-Of all the stories in sports that have captivated me and touched my heart over the years, one will most likely stick out in my mind for the remainder of my life. Every time I was able to interview men’s hockey captain Danny Powell this year, I came away with the feeling that there were still genuinely good people left on this Earth. So you can imagine how much it crushed me when I found out that his mother was extremely ill in March, and that he’d have to miss the ECAC first round playoffs so he could go back to her in Alberta. But a week later, at Lake Placid, Powell was back on the ice for Cornell’s win over Harvard. Powell wasn’t playing for money, he wasn’t playing for fame. He was just playing for the love of the game, and, for me, it was a pleasure watching him.


For the last two years, I’ve watched as columnists have filled these pages with thank you’s to their loved ones. Apparently, it’s my turn now.

-To my parents: whether or not I’ve expressed it enough these last 21 years, you’ve been my backbone, my guiding light and my conscience. Nothing that I’ve accomplished so far would exist without your support. For that I thank you. And for all the love you’ve showered on me, I am eternally grateful.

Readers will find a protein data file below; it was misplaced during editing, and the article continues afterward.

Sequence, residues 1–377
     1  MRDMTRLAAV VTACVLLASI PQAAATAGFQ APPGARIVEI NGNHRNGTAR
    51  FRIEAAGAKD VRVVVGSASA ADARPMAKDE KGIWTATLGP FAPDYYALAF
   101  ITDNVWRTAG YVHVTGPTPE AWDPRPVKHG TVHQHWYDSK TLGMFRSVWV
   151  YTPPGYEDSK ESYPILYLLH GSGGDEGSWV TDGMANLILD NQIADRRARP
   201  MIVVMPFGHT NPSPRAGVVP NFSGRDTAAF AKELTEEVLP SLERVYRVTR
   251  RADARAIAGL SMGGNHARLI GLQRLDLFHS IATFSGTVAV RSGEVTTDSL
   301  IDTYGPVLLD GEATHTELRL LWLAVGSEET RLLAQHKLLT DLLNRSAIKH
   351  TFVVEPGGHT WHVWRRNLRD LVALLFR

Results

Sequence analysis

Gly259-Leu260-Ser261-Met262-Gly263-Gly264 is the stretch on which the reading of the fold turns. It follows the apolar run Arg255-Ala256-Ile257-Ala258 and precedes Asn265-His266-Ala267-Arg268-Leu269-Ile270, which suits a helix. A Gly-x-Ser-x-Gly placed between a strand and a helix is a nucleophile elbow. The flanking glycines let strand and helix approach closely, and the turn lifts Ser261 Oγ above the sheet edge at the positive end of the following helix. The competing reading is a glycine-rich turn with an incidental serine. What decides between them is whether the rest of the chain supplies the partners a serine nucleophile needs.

-To JV: When I decided to run for assistant sports editor, it was easily the biggest risk I’ve ever taken. You made it worth it for me. Whether we were laughing or fighting, I always have and always will consider you my older brother. You’ve taught me about sports, about desking, about life. If I have been fortunate enough to have any part of your character blended into me, I will be a better person.

-To Charles: The memories we’ve created this past year will forever be ingrained in my mind. Staying for the weekend at Wellesley. Sitting in our room at St. Lawrence, listening to you playing the guitar. And a million more, I’m sure. Sharing the assistant sports editorship was incredible. Having you become one of my closest friends in the world was priceless.

-To Amanda: At some point in the last semester, you stopped being just my assistant sports editor, and you started becoming my sister. Whenever I have a problem or a concern with my life, you’ve always lended me your ear. Whether it’s pushing you into Ferragamo or making you call me at 10 in the morning, your friendship has meant the world to me. I can’t wait to buy you that first pint of Guinness in Ireland.

-To Gary: You’ve come a long way this semester. Every quality I lack is something that you bring to the table every single day. I will forever admire your dedication and committment. I love how much you care about The Sun, about Cornell and about Ithaca. It’s amazing and inspirational. I can’t wait to see you reach your full potential next year . . . it’ll be exciting.